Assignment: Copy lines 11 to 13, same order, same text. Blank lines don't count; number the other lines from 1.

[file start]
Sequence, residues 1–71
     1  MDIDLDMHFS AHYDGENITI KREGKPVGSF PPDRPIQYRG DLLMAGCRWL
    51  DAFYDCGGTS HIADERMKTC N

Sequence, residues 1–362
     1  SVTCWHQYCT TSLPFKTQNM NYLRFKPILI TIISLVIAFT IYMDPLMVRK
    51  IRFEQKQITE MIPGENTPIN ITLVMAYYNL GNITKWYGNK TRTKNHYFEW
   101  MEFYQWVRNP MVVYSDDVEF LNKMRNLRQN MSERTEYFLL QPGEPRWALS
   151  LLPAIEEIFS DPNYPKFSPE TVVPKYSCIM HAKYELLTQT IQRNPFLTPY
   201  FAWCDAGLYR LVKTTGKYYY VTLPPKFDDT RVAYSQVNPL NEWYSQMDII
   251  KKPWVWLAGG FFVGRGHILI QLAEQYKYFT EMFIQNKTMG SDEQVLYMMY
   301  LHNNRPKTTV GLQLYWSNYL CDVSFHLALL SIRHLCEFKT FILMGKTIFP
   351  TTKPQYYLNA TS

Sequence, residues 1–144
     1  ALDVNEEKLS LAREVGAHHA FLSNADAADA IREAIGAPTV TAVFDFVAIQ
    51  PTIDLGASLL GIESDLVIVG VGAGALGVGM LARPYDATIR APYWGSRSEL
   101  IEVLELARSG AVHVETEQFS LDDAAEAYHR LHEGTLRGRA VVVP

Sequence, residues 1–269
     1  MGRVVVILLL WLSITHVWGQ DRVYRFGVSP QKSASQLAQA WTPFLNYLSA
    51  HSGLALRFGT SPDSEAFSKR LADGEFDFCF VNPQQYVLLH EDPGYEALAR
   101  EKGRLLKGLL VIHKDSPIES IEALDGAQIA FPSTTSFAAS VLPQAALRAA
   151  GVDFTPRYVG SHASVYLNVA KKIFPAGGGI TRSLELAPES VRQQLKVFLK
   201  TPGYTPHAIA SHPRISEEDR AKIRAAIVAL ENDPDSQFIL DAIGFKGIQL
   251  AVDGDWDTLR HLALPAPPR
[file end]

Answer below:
   301  LHNNRPKTTV GLQLYWSNYL CDVSFHLALL SIRHLCEFKT FILMGKTIFP
   351  TTKPQYYLNA TS

Sequence, residues 1–144